If you write, you’re a writer.

I hate when I hear people say they’re “an aspiring writer.”
Because invariably, they’re wrong. They don’t want to be, they already are.

If you write, you’re a writer.
If you’ve written a book (even just a spotty and fractured first draft), you’re an author.

The only way to be an aspiring writer is to never actually try. If you spend all your time thinking about it without ever putting pen to paper or fingers to keys… then you can say you’re aspiring and be completely truthful.

Aspirations are about not doing something. Once you’ve started doing it, you’re no longer aspiring, you’ve passed that bar!


There are two reasons I think people use this:

1- Most of the times I have heard this (when it wasn’t said directly to me) the statement was made to a traditionally published author, or someone on a convention panel. And I think it became the thing to say in this situation because it sounds better than “I want what you have.”

Maybe people think that sort of statement will come off as something akin to jealousy and they don’t want to be seen that way, maybe they think they think they’re being polite… I don’t know.

2 - (And this is both the more likely, and--I think--the more important to address) The writing/book world is an incredibly discouraging place.

Even if you don’t run into the negativity from outside forces, we are conditioned to look at the amazing things that other people have done and think, “How can I possibly compare?”

I would guess that many people who aspire to be a writer (even though they already are) have faced, and still face, people in their lives who subtly tear them apart. Or, not so subtly--people are horrible.


I guess what I’m here to say is:
Stop aspiring. Stop telling people that’s what you’re doing.

If you write, you’re a writer.

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Comments

  1. Good food for thought. I was guilty of calling myself an aspiring writer. Now, I hesitate to call myself an author even though I've published books. Somehow, I still feel like a fraud.

    Cheers - Ellen

    ReplyDelete
    Replies
    1. Imposter syndrome is real. I think one of the things that helps the most is probably looking at the word objectively. "A writer of a book, article, or report." You've written books. You are definitely an author.

      Delete
  2. Hi,
    I truly understand what you're saying but some writers don't believe they're writers until they have gotten something published.
    Wishing you all the best.

    Shalom aleichem,
    Pat G @ EverythingMustChange

    ReplyDelete
  3. I love this post. Being in any creative field is terrifying. People tear you down and make you feel like you aren't good enough and never will be. I mean – sometimes you come across a kind soul who wants to help, but I feel like that is less than it really ought to be.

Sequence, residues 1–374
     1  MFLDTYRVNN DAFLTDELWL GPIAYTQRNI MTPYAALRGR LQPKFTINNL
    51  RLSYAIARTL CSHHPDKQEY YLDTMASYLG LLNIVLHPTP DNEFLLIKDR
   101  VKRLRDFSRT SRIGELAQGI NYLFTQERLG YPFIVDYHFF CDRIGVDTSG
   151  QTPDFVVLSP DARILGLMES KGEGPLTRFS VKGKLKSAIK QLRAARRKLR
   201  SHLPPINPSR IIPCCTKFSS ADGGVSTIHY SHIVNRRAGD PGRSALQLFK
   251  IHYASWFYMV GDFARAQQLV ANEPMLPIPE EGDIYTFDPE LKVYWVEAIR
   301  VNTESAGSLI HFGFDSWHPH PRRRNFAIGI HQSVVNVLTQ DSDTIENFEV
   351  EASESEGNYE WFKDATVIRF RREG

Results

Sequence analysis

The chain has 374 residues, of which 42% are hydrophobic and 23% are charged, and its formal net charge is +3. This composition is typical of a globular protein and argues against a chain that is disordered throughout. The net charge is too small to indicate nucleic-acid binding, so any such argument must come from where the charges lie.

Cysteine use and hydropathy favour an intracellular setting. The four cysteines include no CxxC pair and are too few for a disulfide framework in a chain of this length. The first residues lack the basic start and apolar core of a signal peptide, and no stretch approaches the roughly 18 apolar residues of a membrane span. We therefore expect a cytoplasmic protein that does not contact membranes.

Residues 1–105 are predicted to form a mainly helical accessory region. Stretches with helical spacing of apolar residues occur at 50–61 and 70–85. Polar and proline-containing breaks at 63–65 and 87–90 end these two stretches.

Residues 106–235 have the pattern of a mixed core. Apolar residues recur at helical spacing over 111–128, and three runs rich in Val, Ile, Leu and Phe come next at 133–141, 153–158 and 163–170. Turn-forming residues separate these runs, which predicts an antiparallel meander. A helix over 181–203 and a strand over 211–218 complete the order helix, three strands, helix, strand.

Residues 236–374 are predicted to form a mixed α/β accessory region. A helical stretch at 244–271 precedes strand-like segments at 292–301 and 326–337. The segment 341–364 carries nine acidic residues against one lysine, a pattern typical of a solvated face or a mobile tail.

Anyway, thanks for this post. It was a fantastic reminder.

    ReplyDelete
    Replies
    1. You're welcome! There's always going to be room for improvement, but telling someone they aren't--when they categorically are--is just spiteful nonsense.

      Delete
  4. Well said. It took me 25 years to get my first novel out. And then, that Rubicon passed, I got the rest out.

    ReplyDelete
    Replies
    1. Congratulations on passing that hurdle! I hope you never let anyone try to tell you you weren't a writer as you made your way through the plot trenches.

      Delete
  5. Love this. Identities are critical for success. If you want to write more, write better, you must believe you are a writer, that you belong, that writing is part of your identity.

    ReplyDelete
    Replies
    1. I'm certain there are a lot of people who manage to do those things without believing they are a writer. But it's definitely a roadblock that shouldn't have to be in their way.

      Delete
  6. I've never called myself an aspiring writer--I know that writing makes me a writer. I have used the adjective to describe myself as an author though. I dropped it sometime after finishing my first novel draft or publishing my novelette. I don't remember which inspired it. I didn't think about why I used the term, but I think it was just a way to make it clear up front that I hadn't put out any works yet. I do think it's often used as a form of self-deprecation though.

    ReplyDelete
  7. I've always thought of 'aspiring' as wanting to be more. I'm an aspiring writer. I'm proud of it. Every day I write and hope to get better. Every day I read and want to learn more about the craft. I'll never be perfect, yet I aim to try. :-)

    Anna from elements of emaginette

    ReplyDelete
  8. I agree, A.B. I have been writing most of my life. I haven't published a book yet, but I have published a short story and many newspaper articles, countless papers and reports, letters, journals, blog posts. I just have to snag "author" which I'm working on. No way am I aspiring! Loved your post!

    ReplyDelete
    Replies
    1. If you go by definition, you are an author already, but I understand if you attach that particular word to books/novels specifically. Good luck with your book!

      Delete
  9. This comment has been removed by a blog administrator.

    ReplyDelete
  10. I appreciate you making me think about the difference between 'writer' and 'author'. Just a matter of being in print I guess and even 'print' on the internet is print. Thanks.

    ReplyDelete

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